Data Analyzed By: Lusi Yang @ Corning Inc.

# Analyze the AAPL Stock¶

In [68]:
# Load up the required packages
library(MASS)
library(quantmod)

In [69]:
# Load up Apple's Stock AAPL
getSymbols("AAPL",src="yahoo")

'AAPL'
In [3]:
# Read the column names
colnames(AAPL)

1. 'AAPL.Open'
2. 'AAPL.High'
3. 'AAPL.Low'
4. 'AAPL.Close'
5. 'AAPL.Volume'
In [4]:
# Visualize the AAPL Stock
barChart(AAPL)


Apple's stock is going up over time, but it is definetely not stationary. However, in recent time, Apple's stock volume in trade has been declining as iPhone 8 & 8 Plus was introduced to the public. This decline indicates that investors are losing faith in Apple; thus, Apple stock has become less active than before.

Stationarity

In [70]:
# The original series is not stationary, so it needs differencing
par(mfrow=c(2,1))
acf(as.ts(AdjClosed), main = "Autocorrelation of AAPL")
acf(diff(as.ts(AdjClosed)), main = "Autocorrelation of AAPL")


Non-stationary: ACF decreases slowly (graph above) Stationary: ACF drops to zero relatively quickly (graph below)

In [71]:
plot(diff(as.ts(AdjClosed)), main = 'AAPL Stock Prices, First Difference')

In [88]:
# APPL % Daily Returns
par(mfrow = c(3,1))
plot(APPLReturns, main = "AAPL % returns", col = "navyblue")
hist(APPLReturns , breaks = 100, col="green")
acf(APPLReturns[-1], main = "Autocorrelation plot of returns (Dependency of Returns)")


AAPL % returns series is stationary as it quickly dropped to zero, and the histogram of APPL returns also show that the percentage of return is mostly concentrated around 0. The autocorrelation plot shows that today's stock price does not dependent on yesterday's stock price.

In [73]:
# Mean Returns
meanReturns  =  mean(APPLReturns[-1])
meanReturns

0.00101597701076485
In [74]:
# Standard Deviation of Returns
stddR =  sd(APPLReturns[-1])
stddR

0.0202007079360825
In [75]:
# Distribution of Daily Returns
probs = c(.005, .025, .25, .5, .75, .975, .995)
distMeanReturns = quantile(APPLReturns, probs= probs, na.rm = TRUE)
distMeanReturns

0.5%
-0.0685383264032099
2.5%
-0.0418313750388579
25%
-0.00790655565717668
50%
0.00100770506469106
75%
0.0113419805352502
97.5%
0.0403593252691712
99.5%
0.0649046868398268

The median daily log return 95% confidence interval is between -0.042 and 0.040.

In [76]:
# The Actual % Return of AAPL
(exp(meanReturns)-1) * 100

0.10164932902359

Thus, the mean daily return is 0.1016% more than the previous daily price. Although this number is small, it compounds daily at an expoential rate.

The NYSE nad NASDAQ have 252 trading days on average per year. Let's suppose we want to simulate AAPL's stock price in the next 1000 days.

In [77]:
# Random Walk Simulation for Stock Prices
par(mfrow = c(1,1))
N = 1000 # 1000 trading days
mu = meanReturns
sigma = stddR
day =  1:N
priceInit = AAPL$AAPL.Adjusted[[length(AAPL$AAPL.Adjusted)]] # the latest daily price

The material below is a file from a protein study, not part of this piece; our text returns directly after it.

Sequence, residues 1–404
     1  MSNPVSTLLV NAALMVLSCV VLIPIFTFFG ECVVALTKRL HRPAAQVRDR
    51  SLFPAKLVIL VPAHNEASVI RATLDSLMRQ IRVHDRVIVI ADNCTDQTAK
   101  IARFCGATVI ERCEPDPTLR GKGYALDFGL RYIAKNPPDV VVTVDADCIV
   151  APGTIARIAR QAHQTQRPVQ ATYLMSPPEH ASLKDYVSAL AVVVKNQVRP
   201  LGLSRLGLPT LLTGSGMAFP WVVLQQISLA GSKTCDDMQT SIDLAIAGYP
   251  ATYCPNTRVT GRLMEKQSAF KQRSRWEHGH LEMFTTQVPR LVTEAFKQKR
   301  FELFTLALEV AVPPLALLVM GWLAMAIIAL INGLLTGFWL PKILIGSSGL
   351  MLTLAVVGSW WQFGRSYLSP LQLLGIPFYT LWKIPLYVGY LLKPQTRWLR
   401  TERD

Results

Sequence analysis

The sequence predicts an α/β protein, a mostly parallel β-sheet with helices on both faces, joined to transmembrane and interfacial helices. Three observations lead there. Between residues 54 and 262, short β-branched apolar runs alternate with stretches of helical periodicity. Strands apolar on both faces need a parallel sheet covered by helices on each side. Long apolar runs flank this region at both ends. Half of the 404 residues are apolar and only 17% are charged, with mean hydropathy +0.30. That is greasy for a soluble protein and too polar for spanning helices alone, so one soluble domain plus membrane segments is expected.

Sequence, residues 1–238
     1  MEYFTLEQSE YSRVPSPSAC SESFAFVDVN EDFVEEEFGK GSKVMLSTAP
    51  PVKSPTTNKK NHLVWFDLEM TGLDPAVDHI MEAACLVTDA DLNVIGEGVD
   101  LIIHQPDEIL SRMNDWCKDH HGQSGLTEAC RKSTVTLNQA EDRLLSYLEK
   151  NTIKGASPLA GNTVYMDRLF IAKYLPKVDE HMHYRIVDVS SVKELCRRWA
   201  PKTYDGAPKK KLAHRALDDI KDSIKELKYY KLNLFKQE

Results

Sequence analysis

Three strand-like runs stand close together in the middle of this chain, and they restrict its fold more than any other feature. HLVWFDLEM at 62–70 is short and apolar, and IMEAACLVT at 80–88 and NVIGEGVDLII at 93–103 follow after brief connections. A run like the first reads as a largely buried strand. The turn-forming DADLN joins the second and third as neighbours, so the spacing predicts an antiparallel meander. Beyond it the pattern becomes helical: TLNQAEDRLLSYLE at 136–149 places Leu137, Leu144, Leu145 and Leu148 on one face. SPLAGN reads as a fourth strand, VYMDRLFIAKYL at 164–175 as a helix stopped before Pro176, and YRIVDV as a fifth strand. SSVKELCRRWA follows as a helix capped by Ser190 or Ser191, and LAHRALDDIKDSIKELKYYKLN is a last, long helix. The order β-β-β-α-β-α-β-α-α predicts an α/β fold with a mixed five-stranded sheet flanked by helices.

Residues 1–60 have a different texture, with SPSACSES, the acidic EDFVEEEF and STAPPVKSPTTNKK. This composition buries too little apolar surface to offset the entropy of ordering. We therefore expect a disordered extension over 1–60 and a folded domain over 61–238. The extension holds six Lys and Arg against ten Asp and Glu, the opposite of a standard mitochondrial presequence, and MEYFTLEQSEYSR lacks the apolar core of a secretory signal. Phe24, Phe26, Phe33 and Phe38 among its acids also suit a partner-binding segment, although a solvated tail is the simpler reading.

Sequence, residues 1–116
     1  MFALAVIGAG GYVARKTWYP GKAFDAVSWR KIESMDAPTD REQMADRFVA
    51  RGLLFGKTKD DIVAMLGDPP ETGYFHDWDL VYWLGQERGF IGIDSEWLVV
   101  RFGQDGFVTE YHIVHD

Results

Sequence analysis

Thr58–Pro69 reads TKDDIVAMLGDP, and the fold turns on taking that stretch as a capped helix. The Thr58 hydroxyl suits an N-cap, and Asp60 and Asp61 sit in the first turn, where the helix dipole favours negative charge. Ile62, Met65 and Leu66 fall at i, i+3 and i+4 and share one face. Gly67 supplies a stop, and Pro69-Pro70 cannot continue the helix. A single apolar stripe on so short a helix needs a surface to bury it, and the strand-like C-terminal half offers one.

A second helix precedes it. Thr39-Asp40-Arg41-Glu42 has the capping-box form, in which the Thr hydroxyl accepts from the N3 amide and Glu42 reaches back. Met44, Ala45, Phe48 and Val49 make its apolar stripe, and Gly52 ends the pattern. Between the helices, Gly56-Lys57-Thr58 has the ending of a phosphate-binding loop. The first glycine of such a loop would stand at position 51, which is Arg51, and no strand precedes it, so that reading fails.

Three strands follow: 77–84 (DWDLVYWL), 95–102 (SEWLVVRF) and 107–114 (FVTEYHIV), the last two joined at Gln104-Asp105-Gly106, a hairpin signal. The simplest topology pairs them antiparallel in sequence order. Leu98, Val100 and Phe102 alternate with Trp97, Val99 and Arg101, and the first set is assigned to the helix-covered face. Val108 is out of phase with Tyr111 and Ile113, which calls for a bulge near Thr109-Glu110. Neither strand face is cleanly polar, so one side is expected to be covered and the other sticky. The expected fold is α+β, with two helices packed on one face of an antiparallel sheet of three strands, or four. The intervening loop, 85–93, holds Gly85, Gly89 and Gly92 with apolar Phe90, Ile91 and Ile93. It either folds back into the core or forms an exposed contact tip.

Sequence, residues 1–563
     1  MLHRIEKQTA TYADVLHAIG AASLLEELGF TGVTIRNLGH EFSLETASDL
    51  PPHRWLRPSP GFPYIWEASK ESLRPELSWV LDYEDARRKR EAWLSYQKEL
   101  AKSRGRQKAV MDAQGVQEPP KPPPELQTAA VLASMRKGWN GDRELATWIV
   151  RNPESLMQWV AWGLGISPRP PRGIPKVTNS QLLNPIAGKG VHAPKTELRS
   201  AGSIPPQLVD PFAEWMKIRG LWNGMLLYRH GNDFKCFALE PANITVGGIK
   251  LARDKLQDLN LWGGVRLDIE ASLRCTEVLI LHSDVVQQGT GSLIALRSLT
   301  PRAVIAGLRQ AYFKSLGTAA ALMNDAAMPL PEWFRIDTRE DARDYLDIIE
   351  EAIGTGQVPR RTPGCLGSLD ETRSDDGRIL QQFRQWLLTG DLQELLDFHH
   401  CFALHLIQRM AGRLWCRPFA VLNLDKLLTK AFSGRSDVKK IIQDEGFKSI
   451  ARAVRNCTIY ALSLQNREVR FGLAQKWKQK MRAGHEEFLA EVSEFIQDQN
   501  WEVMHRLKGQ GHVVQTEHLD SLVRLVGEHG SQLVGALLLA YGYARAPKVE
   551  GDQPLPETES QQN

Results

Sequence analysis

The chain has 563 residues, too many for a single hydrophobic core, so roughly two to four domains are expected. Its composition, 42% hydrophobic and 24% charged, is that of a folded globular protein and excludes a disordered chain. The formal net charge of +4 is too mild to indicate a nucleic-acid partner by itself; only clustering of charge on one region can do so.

# Simulate prices
set.seed(386)
price  =  c(priceInit, rep(NA, N-1))
for(i in 2:N) {
price[i] =  price[i-1] * exp(rnorm(1, mu, sigma)) # new price
}
priceSim =  data.frame(day, price)
# Visualize price simulation using ggplot
library(ggplot2)
ggplot(priceSim, aes(x=day, y=price)) +
geom_line() +
labs(y="Price",
x="Day",
title="AAPL: Simulated Prices for 1,000 Trading Days")


This single random walk tells us that investing money in AAPL is not a good idea as there are many dips going on in this simulation over the 1000 trading days.

Read more on this random walk model : http://www.math.ucla.edu/~caflisch/181.1.03f/Lect4-5.pdf

However, the above is just a single random walk simulation -- one of many probabilistic outcomes. We can use Monte Carlo simulation to perform the above random walk process hundres or even thousands of times.

In [78]:
# Monte Carlo Simulation
# Parameters
N = 252 # Number of Stock Price Simulations
M = 500 # Number of Monte Carlo Simulations
mu = meanReturns
sigma = stddR
day =  1:N
priceInit = AAPL$AAPL.Adjusted[[length(AAPL$AAPL.Adjusted)]]
# Simulate prices
set.seed(123)
monteCarlo =  matrix(nrow = N, ncol = M)
for (j in 1:M) {
monteCarlo[[1, j]] = priceInit
for(i in 2:N) {
monte_carlo_mat[[i - 1, j]] * exp(rnorm(1, mu, sigma))
}
}

In [16]:
# Visualize the simulation
library(reshape2)
library(ggplot2)
df = data.frame(day, monteCarlo)
long = melt(df, id="day")  # convert to long format
ggplot(long, aes(x=day, y=value)) +
geom_line(colour="green", size=1, alpha = 0.3) +
labs(y="Simulated Stock Price",
x="Day",
title="AAPL: Simulated Prices for 252 Trading Days")

In [17]:
# Looking at the last day's stock price of each simulation
probs = c(.005, .025, .25, .5, .75, .975, .995)
dist = quantile(df$X252, probs = probs) dist  0.5% 167.25673570556 2.5% 182.340204393325 25% 204.082893481813 50% 245.210167138163 75% 354.728682086268 97.5% 438.477379848134 99.5% 446.91809809131 On the last day of the simulation, the 95% confidence interval is between \$182.34 - \$438.48, with a median estimated price of$238.73.

# Portfolio Simulation¶

Here I am going to analyze my boyfriend's portfolio. He is in the tech industy, so his investments are mostly in tech companies.

In [66]:
 require(MASS)
require(quantmod)

# Load a few symbols into memory
getSymbols(c("AAPL", "NVDA", "BABA", "AMD", "GLW", "LMT", "RTN", "BA"))

# Plot the prices of these stocks
par(mfrow = c(4,2))
plot(AAPL[,6], main = "AAPL")
plot(NVDA[,6], main = "NVDA")
plot(BABA[,6], main = "BABA")
plot(AMD[,6], main = "AMD")
plot(GLW[,6], main = "GLW")
plot(LMT[,6], main = "LMT")
plot(RTN[,6], main = "RTN")
plot(BA[,6], main = "BA")

pausing 1 second between requests for more than 5 symbols
pausing 1 second between requests for more than 5 symbols
pausing 1 second between requests for more than 5 symbols
pausing 1 second between requests for more than 5 symbols

1. 'AAPL'
2. 'NVDA'
3. 'BABA'
4. 'AMD'
5. 'GLW'
6. 'LMT'
7. 'RTN'
8. 'BA'